Industrial Hemp thriving in Kentucky

06/28/2018 01:58 PM

FRANKFORT- The Industrial Hemp Industry in Kentucky is growing at a steady pace, but could thrive if the US Senate version of the Farm Bill is passed.

Members from the Kentucky Department of Agriculture, hemp processors and farmers testified in front of Budget Review Subcommittee on General Government, Finance, Personnel, and Public Retirement Thursday morning.

Since a pilot program legalizing industrial hemp production in 2014, the program has grown to create millions in profits for Kentucky farmers. The most recent figures from 2017 show hemp growers were paid $7.5 million, and $25.6 million in capital investments have been made. Additionally, 81 full-time jobs were created with hemp netting $16.7 million in gross product sales.

Joe Bilby, General Counsel for the Kentucky Department of Agriculture, says the future of the hemp industry in Kentucky and the country is the passage of the farm bill.

“The Kentucky General Assembly has done it’s part to clarify the rules of the roads and to sweep aside ambiguities and vagueness that has really been an hindrance for market participants and now its time for the federal government to do its part to provide that same sort of clarity.” he said.

Chad Rosen, a hemp processor who runs Victory Hemp, says hemp is increasingly becoming a product people are using to substitute traditional food products.

“There is a once in a multi generational shift that’s happening in the way people eat, and hemp seeds present the physiological characteristic to be a key ingredient in that shift,” he told the committee.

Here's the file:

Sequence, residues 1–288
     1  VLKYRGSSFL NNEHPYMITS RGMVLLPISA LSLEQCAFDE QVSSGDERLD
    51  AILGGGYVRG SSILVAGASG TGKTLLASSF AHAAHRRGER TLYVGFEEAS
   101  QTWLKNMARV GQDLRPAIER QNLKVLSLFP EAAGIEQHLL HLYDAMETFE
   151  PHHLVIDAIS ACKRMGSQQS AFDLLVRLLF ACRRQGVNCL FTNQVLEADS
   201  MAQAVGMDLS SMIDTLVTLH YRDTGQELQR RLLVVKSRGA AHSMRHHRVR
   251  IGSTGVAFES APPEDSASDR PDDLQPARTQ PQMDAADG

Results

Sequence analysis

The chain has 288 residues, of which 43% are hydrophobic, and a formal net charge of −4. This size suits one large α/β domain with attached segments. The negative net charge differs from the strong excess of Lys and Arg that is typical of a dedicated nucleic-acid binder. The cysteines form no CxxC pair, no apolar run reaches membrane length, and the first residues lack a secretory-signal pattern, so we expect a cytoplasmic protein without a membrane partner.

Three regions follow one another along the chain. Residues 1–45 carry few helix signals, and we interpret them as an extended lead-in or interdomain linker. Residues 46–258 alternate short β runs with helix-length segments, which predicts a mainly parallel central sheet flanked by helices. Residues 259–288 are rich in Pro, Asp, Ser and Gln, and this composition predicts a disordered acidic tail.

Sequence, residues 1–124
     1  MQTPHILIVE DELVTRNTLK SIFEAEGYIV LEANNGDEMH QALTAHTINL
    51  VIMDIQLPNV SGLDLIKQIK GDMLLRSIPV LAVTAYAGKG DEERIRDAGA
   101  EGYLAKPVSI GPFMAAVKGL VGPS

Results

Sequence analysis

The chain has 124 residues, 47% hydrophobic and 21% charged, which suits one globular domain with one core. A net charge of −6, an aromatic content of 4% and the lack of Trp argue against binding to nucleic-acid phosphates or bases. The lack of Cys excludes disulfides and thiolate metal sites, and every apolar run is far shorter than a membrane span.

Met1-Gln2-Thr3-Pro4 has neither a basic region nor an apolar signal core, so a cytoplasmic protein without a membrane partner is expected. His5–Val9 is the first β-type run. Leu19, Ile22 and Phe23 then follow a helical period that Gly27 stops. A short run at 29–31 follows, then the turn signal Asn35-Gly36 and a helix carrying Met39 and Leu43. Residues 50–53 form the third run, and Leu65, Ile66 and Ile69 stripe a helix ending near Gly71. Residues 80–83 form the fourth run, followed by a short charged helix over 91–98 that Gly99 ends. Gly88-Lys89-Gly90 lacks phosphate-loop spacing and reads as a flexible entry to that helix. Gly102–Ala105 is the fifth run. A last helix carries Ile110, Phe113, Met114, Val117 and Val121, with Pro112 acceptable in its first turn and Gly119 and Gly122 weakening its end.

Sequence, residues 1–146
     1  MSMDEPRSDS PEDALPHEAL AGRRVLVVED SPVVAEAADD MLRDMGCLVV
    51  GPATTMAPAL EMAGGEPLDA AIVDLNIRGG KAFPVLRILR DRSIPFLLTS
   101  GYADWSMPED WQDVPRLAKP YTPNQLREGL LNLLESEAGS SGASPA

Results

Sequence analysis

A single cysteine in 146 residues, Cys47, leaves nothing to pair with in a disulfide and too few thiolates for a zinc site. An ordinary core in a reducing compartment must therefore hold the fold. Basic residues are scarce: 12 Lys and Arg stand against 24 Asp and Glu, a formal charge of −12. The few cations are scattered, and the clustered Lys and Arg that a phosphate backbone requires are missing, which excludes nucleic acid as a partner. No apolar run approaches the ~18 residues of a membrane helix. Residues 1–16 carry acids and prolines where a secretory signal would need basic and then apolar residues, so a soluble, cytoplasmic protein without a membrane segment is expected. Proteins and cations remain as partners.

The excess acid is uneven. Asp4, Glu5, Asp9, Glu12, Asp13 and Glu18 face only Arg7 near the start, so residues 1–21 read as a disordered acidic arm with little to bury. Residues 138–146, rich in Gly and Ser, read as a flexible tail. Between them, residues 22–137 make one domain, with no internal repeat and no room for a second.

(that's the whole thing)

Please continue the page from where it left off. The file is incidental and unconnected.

Former tobacco farmers are also beginning to make a profit off of producing hemp. Brian Furnish, a farmer from Cynthia, grows about 75 acres of hemp currently, he says the profit margin of hemp is higher than that of tobacco.

“My cost and my inputs and my revenue for an average tobacco crop, I can net about $2598 an acre. I’ve grown hemp for floral method for the last three years, and I’m averaging $4308 an acre, so it’s a tremendous increase above where we’ve been.” said Furnish.

If the farm bill passes Congress, hemp would no longer be considered a controlled substance, allowing more of an opportunity for farmers to cash in on the opportunity.

Michon Lindstrom

Michon is a producer for Pure Politics. Michon comes to Kentucky from Springfield, Illinois where she served as the statehouse reporter for the NBC affiliate. During her time in the Land of Lincoln she covered the state’s two year budget impasse and the largest school funding overall in Illinois history. Pure Politics airs weeknights at 7 and 11:30 on Spectrum News. Follow Michon on Twitter at @MichonLindstrom or reach her by email at


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